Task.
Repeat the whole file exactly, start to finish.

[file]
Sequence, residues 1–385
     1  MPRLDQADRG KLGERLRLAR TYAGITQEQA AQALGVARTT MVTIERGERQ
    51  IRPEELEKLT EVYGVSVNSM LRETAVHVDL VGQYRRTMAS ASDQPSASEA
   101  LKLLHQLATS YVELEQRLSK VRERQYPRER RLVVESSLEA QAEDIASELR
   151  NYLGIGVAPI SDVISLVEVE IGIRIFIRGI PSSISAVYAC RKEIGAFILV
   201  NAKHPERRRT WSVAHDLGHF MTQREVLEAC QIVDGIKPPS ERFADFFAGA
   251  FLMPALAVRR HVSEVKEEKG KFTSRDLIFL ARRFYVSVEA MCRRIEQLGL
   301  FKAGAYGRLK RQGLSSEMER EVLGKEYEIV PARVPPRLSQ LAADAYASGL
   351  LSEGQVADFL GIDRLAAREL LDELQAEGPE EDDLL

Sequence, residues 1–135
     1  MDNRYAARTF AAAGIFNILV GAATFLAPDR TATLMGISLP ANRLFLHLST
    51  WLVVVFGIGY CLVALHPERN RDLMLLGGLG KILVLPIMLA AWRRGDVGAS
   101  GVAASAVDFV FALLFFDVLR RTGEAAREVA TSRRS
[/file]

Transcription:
Sequence, residues 1–385
     1  MPRLDQADRG KLGERLRLAR TYAGITQEQA AQALGVARTT MVTIERGERQ
    51  IRPEELEKLT EVYGVSVNSM LRETAVHVDL VGQYRRTMAS ASDQPSASEA
   101  LKLLHQLATS YVELEQRLSK VRERQYPRER RLVVESSLEA QAEDIASELR
   151  NYLGIGVAPI SDVISLVEVE IGIRIFIRGI PSSISAVYAC RKEIGAFILV
   201  NAKHPERRRT WSVAHDLGHF MTQREVLEAC QIVDGIKPPS ERFADFFAGA
   251  FLMPALAVRR HVSEVKEEKG KFTSRDLIFL ARRFYVSVEA MCRRIEQLGL
   301  FKAGAYGRLK RQGLSSEMER EVLGKEYEIV PARVPPRLSQ LAADAYASGL
   351  LSEGQVADFL GIDRLAAREL LDELQAEGPE EDDLL

Sequence, residues 1–135
     1  MDNRYAARTF AAAGIFNILV GAATFLAPDR TATLMGISLP ANRLFLHLST
    51  WLVVVFGIGY CLVALHPERN RDLMLLGGLG KILVLPIMLA AWRRGDVGAS
   101  GVAASAVDFV FALLFFDVLR RTGEAAREVA TSRRS